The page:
The COVID-19 pandemic has played havoc with Minnesota’s state finances. Late last year, Minnesota Management and Budget forecast a state budget deficit of $883 million for the 2022-2023 biennium. By the last week of February, that had vanished, replaced by a forecast surplus of $1.6 billion. Yet, despite this good news, in his revised budget announced on Thursday, Gov. Tim Walz still proposes to hike Minnesota’s taxes with, among other measures, a new fifth income tax rate of 10.85% and a hike in the corporate income tax rate to 10.8%.

These policies ought to be resisted for five main reasons.

First, Minnesotans are already some of the most highly taxed citizens in the United States. The top rate of income tax, 9.85% on taxable income over $164,400 a year, is already the fifth highest: The proposed hike would push us up to third. Likewise, we have the third-highest top corporate income tax rate in the United States, 9.8% on the first dollar of taxable revenue: The proposed hike would push us up to second.

This latter measure is particularly harmful. The corporate income tax might well be levied on businesses, but its incidence — who ultimately bears the burden — falls on either consumers in the form of higher prices, workers in the form of lower wages, or shareholders in the form of lower dividends. Research finds that labor bears between 50% and 100% of the burden, with 70% or more the most likely result. Minnesota’s Department of Revenue calculated the “incremental incidence of a change in the corporate tax” and found that 46% of the burden of this increase falls on Minnesota’s consumers and 27% on our state’s workers. None falls on capital in the form of lower dividends. In short, this measure is equivalent to another income tax hike.

Second, hiking tax rates does not appear to increase tax revenues. An increased tax rate is an attempt by government to claim a greater share of its residents’ income in tax. Yet, even as Minnesota’s income tax rates have fluctuated, its tax revenues have consistently remained at around 6.6% of the state’s GDP for the period 1974 to 2019. Indeed, Minnesotans handed over a larger share of their incomes to the government in the 1990s (with top income tax rates of 8.5%) than they did in the 1970s (with rates of 17%).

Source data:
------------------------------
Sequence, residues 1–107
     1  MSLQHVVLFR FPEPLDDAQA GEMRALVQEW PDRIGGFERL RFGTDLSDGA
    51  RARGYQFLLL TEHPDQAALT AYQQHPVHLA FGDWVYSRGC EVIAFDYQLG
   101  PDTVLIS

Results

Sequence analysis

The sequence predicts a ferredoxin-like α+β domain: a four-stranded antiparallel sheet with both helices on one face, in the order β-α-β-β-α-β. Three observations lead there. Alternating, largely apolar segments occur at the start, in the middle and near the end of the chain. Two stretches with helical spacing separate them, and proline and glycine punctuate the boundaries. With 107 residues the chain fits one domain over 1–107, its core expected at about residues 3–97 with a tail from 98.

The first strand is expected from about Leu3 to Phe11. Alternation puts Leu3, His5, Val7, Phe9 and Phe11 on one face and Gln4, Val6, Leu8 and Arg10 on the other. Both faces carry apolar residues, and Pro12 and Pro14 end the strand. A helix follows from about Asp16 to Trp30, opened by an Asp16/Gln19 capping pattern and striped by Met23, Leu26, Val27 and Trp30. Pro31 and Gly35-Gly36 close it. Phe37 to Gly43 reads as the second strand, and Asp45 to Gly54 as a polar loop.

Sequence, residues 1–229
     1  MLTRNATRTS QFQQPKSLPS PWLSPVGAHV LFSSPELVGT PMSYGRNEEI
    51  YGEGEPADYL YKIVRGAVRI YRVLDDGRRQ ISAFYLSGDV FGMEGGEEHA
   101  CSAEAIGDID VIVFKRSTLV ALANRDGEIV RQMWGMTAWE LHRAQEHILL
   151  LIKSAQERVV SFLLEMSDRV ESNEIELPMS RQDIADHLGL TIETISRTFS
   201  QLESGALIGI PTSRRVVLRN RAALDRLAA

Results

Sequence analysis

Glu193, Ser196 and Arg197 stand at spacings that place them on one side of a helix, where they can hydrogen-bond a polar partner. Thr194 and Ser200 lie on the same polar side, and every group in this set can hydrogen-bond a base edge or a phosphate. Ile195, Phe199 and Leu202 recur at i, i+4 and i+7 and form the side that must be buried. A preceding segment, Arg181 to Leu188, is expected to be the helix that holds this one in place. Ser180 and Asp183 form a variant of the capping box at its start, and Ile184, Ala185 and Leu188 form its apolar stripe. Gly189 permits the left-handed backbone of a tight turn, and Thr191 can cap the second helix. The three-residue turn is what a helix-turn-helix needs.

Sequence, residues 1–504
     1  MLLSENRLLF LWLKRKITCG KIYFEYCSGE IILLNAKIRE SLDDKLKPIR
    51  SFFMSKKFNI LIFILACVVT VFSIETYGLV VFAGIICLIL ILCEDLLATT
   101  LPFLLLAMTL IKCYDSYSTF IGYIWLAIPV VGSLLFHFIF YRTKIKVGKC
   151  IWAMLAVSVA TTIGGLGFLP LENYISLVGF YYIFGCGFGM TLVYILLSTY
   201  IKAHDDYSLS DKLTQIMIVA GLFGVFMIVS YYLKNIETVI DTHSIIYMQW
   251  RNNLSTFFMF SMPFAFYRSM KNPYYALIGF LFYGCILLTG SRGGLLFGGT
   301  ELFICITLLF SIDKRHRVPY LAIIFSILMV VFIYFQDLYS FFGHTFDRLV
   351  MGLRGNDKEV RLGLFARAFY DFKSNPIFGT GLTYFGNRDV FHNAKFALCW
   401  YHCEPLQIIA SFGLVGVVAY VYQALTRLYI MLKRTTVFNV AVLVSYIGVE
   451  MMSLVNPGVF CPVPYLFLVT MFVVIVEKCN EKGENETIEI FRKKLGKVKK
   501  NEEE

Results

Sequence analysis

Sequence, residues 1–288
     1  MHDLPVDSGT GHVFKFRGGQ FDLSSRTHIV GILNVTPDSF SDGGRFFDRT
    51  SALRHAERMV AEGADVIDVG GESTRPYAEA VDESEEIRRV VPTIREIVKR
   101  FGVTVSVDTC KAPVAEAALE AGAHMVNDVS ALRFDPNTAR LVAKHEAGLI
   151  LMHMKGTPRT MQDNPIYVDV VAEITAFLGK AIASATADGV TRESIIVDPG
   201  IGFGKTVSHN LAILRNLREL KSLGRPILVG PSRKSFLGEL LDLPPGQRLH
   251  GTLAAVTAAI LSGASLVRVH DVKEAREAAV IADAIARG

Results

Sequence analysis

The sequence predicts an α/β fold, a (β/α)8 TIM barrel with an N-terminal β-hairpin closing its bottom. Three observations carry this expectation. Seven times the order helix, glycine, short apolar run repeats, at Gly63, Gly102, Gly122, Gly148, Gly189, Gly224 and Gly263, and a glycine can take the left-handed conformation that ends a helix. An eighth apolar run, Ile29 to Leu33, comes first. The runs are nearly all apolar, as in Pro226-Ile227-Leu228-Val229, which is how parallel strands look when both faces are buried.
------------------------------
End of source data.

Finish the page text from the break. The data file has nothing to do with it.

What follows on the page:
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This has an important consequence for state fiscal policy: The dollar amount of tax revenue available to the state government is much more a function of the size of the state’s economy — its GDP — than of how high its tax rates are. If you want to boost state government revenues, you should be looking to increase state economic growth.

This brings us to the third point: Tax hikes depress economic growth. The consensus from empirical studies is that higher taxes on corporate and personal income are particularly harmful to economic growth, with consumption and property taxes less so. So, if increased growth is necessary for increased revenues, higher tax rates that lower that growth will lead to lower revenues.

Fourth, in total and per person — and in real terms — Minnesota’s state government has never spent more money than it is spending right now. Indeed, state government spending per Minnesotan was at record highs before the pandemic. The 2019 figure of $4,088 per Minnesotan is 27% higher in real terms than it was in 2010. Whatever difficulties Minnesota’s politicians might be facing, taking too little of your money is not one of them.

The conclusion is clear. If policymakers want to generate larger tax revenues to fund even higher government spending in Minnesota, raising taxes is the last thing they ought to do. Instead, they should think about what will boost our state’s economic growth.

John Phelan of St. Paul is an economist at the Center of the American Experiment (AmericanExperiment.org), a conservative public-policy think tank based in Golden Valley, Minnesota. He wrote this for the News Tribune.